I kept my tone neutral the whole time, but I think what got people’s nipples in a twist (sorry, but you can use that expression if you’re talking about a breast feeding support group) was that I called into question the entire practice of homeopathy.  I didn’t just say the vaccinations were a bad idea, I said look, homeopathy is nonsense, and here are some links for you to read.  And people didn’t like that at all.  I got one email from a woman who said, “Are you crazy?” And then she went on to use a bunch of logical fallacies, like telling me that a lot of people use homeopathy, so it must be valid, and there are even homeopathic hospitals, so who was I to say it didn’t work?

The moderator, when she shut this thread down, gave some general guidelines for discussing controversial topics, and actually I’ve found them quite useful.  As I’ve gotten a little better, over time, at speaking up about skeptical topics, I’ve tried to implement that moderator’s advice, and I’ve come up with a few rules of my own, which I elaborated upon here.  I’ve gone from unfriending people on Facebook to being able to speak civilly and then walk away from a discussion not angry.  Progress!

I guess for some people, questioning alternative medicine in general is just too much.  What I maybe should have stuck with were links to studies that show that these homeopathic vaccinations are inneffective.  And then maybe a little, watered down statement about how “to the best of my understanding” homeopathy in general is a total waste of time and money.  I don’t know.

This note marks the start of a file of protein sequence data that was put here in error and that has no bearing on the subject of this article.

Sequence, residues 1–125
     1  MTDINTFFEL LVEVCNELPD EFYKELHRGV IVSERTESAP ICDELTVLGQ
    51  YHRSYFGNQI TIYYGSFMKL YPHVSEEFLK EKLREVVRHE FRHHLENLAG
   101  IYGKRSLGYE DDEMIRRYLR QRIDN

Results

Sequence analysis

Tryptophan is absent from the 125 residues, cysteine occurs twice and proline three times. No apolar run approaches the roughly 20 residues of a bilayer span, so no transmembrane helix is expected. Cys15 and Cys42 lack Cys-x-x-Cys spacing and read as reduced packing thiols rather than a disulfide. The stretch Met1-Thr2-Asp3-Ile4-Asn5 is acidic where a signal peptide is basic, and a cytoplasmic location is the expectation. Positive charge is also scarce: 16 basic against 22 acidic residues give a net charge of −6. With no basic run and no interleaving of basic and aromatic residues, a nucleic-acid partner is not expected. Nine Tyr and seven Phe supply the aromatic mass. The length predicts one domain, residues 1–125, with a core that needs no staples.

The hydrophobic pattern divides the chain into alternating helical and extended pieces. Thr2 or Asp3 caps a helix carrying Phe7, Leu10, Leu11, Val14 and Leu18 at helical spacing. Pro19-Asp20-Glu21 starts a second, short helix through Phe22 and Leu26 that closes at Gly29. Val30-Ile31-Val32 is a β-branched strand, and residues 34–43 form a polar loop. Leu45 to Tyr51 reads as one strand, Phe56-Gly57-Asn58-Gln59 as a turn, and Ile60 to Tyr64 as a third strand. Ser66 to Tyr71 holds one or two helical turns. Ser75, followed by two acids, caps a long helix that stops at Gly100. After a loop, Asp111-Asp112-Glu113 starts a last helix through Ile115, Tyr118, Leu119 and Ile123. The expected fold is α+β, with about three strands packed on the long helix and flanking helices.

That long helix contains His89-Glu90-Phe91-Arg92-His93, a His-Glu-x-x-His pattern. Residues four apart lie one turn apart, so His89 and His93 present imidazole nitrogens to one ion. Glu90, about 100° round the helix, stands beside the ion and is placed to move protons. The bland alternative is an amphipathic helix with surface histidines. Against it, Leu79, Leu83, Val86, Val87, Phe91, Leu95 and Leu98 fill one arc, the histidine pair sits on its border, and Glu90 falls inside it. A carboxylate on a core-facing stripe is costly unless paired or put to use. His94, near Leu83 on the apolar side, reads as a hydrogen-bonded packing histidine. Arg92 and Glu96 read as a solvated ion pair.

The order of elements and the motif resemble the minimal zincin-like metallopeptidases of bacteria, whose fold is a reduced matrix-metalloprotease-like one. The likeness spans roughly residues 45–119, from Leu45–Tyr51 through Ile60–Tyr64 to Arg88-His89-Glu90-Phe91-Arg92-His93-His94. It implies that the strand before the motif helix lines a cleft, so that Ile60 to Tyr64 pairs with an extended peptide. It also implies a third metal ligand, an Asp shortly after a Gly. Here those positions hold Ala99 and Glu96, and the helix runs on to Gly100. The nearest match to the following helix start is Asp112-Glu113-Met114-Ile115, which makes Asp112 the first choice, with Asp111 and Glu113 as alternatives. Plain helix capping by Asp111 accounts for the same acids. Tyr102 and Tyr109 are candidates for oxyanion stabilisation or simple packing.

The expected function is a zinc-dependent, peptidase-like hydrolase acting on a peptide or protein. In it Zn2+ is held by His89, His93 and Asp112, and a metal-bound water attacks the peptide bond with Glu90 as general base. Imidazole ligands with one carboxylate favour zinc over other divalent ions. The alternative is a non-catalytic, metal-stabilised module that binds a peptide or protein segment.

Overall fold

Here are the studies Mark Crislip found:

Are there any studies or case reports  to support the use of nosodes? As best I can discover there are two clinical trials in animals of nosodes: one in calves that did not show benefit and one in mice that did, and both are in journals too obscure for my library to have subscriptions. There are two cases of fatal polio after receiving homeopathic vaccinations. That is it in Pubmed.  Not a convincing literature for effectiveness.